On Feb. 1, in conjunction with the fifth anniversary of Blue Line Gallery opening on Vernon Street, the nonprofit organization Roseville Arts, which runs the space, will re-launch itself as Blue Line Arts and usher in a new era of cultural arts.

The gallery has continued to evolve and grow since 2008, with 20,000 people visiting the space last year alone. The Press Tribune sat down with Blue Line Arts CEO Julie Hirota, who joined the nonprofit in 2010, to talk about its rebranding.

How was 2012 for the gallery and organization?

Fantastic. Certainly, it was the best year since I’ve been here. We exceeded our budget (projection) by 38 percent, so fiscally it was great and we added additional staff and we’re recognized as a regional presence with stellar art shows.

Our visitation grew from previous years significantly. Visitation was up 40 percent. We have more children coming in all the time and more adults. Our crowning moment was the partnership with the Crocker-Kingsley competition and exhibit — between 600 and 700 people came to that (opening) reception.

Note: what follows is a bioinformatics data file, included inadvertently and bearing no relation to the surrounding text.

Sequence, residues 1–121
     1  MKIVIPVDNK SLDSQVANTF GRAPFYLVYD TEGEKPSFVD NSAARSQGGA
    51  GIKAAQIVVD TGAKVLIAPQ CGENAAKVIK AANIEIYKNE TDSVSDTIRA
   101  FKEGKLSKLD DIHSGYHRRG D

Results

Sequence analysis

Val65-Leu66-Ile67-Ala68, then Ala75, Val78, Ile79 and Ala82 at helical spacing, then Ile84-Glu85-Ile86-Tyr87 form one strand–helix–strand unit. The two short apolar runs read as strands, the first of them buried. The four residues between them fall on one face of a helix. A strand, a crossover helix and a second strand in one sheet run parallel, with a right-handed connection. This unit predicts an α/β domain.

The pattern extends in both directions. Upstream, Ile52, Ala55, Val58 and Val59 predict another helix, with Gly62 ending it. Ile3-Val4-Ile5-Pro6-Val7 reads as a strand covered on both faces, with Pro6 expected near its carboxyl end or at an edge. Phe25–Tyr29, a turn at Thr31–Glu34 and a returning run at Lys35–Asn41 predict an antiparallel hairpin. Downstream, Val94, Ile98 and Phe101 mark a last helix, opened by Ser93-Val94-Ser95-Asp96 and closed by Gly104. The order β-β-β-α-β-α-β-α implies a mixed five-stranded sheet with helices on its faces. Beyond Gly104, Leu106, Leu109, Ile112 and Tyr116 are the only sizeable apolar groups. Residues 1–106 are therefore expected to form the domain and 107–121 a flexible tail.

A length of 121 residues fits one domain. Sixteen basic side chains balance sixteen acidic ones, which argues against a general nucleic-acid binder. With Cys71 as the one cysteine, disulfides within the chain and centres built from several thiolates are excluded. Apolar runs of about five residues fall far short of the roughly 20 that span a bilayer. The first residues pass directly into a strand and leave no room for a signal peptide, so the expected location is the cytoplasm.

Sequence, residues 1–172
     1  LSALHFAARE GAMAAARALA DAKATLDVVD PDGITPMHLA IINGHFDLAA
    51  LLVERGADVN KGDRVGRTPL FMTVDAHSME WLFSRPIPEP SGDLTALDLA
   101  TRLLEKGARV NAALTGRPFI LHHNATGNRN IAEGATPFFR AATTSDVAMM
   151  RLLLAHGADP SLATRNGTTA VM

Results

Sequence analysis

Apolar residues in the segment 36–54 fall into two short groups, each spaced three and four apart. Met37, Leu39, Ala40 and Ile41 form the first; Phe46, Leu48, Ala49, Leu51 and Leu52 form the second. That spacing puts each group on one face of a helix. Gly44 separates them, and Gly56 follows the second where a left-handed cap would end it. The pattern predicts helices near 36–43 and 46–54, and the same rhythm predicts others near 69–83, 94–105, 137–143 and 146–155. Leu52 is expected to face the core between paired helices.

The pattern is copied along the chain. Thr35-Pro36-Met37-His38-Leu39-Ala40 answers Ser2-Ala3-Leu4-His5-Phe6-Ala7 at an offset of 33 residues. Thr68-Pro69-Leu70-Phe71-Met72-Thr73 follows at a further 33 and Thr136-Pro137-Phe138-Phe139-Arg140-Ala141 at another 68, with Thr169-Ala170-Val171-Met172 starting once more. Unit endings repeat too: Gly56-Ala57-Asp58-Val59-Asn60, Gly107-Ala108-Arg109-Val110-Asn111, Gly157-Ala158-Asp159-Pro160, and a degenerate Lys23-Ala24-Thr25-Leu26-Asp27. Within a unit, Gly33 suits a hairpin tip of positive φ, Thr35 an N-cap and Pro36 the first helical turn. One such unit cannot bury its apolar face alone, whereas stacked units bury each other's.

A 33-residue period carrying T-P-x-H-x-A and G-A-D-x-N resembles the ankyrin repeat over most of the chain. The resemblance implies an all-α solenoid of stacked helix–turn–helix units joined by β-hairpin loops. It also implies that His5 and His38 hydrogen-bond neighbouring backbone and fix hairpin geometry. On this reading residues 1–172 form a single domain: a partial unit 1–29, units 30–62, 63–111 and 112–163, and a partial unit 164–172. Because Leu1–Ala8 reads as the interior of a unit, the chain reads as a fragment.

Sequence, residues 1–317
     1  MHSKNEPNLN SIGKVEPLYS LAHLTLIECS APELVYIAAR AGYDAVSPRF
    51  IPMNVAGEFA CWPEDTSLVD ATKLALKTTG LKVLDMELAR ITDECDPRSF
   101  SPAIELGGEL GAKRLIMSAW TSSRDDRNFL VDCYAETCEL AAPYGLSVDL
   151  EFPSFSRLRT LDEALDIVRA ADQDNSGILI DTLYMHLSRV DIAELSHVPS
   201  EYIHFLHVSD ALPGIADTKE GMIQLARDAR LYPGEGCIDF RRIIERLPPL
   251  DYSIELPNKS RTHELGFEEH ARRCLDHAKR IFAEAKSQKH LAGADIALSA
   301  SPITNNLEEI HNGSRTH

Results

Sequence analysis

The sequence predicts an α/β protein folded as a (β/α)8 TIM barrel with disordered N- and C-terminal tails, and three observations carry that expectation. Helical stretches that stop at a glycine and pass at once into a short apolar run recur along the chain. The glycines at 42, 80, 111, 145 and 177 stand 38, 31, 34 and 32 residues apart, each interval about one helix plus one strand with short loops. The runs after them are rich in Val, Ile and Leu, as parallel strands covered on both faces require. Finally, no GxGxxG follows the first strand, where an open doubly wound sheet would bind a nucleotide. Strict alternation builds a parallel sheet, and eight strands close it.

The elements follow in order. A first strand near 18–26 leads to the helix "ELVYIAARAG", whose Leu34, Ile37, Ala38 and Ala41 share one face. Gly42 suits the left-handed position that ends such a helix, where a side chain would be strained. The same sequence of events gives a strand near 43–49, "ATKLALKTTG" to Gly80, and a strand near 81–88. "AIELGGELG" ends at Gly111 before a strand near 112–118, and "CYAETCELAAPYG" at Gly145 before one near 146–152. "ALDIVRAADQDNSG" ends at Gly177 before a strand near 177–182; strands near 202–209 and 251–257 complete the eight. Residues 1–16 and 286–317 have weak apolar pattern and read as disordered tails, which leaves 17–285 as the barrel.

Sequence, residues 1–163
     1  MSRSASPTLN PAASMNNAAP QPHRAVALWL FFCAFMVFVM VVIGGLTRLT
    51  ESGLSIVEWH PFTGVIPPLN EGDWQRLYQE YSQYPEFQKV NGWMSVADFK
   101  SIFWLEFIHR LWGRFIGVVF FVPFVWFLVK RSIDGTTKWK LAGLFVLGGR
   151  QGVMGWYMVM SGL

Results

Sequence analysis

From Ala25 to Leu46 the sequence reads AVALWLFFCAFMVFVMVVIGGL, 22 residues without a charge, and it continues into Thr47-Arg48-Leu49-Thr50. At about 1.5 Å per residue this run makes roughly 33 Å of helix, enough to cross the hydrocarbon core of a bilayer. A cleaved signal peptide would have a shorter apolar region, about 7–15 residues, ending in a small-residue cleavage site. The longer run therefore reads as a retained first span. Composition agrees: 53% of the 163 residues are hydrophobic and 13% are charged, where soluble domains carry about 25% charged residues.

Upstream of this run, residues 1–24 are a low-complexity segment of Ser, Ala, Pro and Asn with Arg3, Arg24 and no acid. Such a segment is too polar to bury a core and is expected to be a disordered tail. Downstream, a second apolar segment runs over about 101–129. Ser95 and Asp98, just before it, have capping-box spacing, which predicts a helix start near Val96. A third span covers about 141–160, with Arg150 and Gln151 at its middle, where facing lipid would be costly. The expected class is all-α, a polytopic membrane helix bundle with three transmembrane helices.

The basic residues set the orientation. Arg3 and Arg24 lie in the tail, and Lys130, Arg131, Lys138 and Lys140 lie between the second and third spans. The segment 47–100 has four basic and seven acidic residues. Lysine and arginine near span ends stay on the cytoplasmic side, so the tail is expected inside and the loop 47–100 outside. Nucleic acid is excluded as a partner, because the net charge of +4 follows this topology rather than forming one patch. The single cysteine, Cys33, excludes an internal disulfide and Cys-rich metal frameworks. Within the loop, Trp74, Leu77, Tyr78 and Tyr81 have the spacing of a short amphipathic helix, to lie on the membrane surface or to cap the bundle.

So, why the name change?

Roseville Arts has a strong history in the community. First it was the Roseville Community Projects, then Roseville Arts Center, then Roseville Arts and then the opening of the Blue Line Gallery. (Our name) is unclear to the whole community. To people outside, we are the Blue Line. To people inside, we are Roseville Arts Blue Line Gallery. We needed to solidify the identity.

Taber Creative Group — Kirk Taber used to be on the board — did a lot of the labor (on the rebranding). We did several focus groups: What are we and what are we going to be? Blue Line Arts is the merging of the old and the new. It’s not like we’re moving from product A to product Z.

What’s the vision for Blue Line Arts?

We want to continue offering high-quality exhibits, young engagement and now incorporate music into (our) portfolio of what the arts are. Our intention is to be an arts organization. I’m doing studies looking at different arts organizations throughout the region — in Sacramento, in Folsom — what they do, what can we do and what can we do well? We know that people want an intimate environment that provides high-quality music. So we’re going to partner to use Roseville Theater and do some outdoor music. We’re modeling ourselves after the Center for the Arts in Grass Valley.

How does this fit into downtown redevelopment?